During my years working in the field of performance, I've taught numerous performance classes for Sun Microsystems where I gained both the experience and understanding of how to best teach performance. I have also written numerous open source programs for performance monitoring, such as tools in the DTraceToolkit and the K9Toolkit. It was a privilege to share the best of my performance knowledge and teaching experience by co-authoring Solaris Performance and Tools with Richard and Jim. We were fortunate to have many other subject matter experts also contribute to this book, including Mike Shapiro and Jon Haslam.

For Solaris Performance and Tools, it is exciting to see a book that covers both DTrace and mdb in detail, with practical examples. And Solaris Internals 2nd Edition is fascinating for understanding the kernel, with the numerous Solaris 10 enhancements. I hope people enjoy them both.

23 July, 2006

Solaris Internals 2nd Edition - available!

Great news! Solaris Internals 2nd Edition is now available to purchase from sites such as Amazon. Amazon writes "Availability: Usually ships within 24 hours" - so in less than a day (I imagine a business day, if you are in the US), you could be holding this landmark book.

I've studied this edition from cover to cover, and it is incredible to see such a wide range of topics covered well, and at such a unique depth. It is the reference for the Solaris 10 and OpenSolaris kernel, and is written in an endearing way that makes this enormous topic very approachable.

I can't wait to get my hard copy of this book. I really enjoyed studying the content the first time, and I'll really enjoy revisiting the chapters.

18 July, 2006

DTrace Slides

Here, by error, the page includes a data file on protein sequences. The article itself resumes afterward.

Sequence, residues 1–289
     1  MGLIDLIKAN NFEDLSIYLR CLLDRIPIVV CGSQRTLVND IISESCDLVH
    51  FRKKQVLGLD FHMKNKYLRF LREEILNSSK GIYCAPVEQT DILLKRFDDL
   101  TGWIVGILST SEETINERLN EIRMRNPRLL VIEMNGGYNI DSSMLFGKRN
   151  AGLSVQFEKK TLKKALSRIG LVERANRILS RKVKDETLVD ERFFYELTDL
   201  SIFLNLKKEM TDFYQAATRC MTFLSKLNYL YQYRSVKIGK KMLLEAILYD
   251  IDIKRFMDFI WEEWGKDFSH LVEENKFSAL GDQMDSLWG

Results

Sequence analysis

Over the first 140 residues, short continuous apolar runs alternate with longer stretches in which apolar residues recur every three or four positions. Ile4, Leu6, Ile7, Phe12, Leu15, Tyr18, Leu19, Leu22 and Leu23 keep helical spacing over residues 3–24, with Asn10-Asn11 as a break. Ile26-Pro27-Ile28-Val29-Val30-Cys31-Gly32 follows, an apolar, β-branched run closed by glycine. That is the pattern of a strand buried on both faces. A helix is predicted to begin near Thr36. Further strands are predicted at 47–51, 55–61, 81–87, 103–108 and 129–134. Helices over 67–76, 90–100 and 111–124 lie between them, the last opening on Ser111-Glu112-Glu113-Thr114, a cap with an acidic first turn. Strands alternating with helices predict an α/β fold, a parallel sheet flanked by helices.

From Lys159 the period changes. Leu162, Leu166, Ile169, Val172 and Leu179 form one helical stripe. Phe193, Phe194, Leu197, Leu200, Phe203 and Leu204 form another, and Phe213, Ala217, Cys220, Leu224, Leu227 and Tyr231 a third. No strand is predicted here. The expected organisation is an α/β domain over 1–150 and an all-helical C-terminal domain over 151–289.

The slides I used for the recent DTrace Workshop in London have been put online by Context-Switch. This DTrace presentation covers my own method of teaching DTrace, which begins with a summary of performance monitoring tools in Solaris 9 and their limitations.

The slides also document many of the strategies I use for DTrace analysis, and is the first time they have been listed together online. They are,

DTrace Strategies
  1. Snoop or Summary

  2. Drill Down Analysis

  3. Frequency Count

  4. Known Count

  5. Aggregate Stacks

  6. Elapsed Time

  7. On-CPU Time

  8. Milestones

See chapters 5 and 10 from the slides for details.

The slides are used in conjunction with additional live demonstrations and student labs. They also assume that the almost released book, Solaris Performance and Tools can be used as a reference.

27 June, 2006


I've been mostly offline for a few weeks, and this will continue for a few more. I'm in the middle of at 6 weeks of travel (London, London, Perth, Canberra, Melbourne, Tokyo, ...?), much of which is spent at hotels without Internet access or at airports (and all of it without access to my DTrace development servers at home, in Sydney).

By a stroke of luck I am actually in Sydney on the 6th of July (inbetween flights), and should be at the next meeting for SOSUG.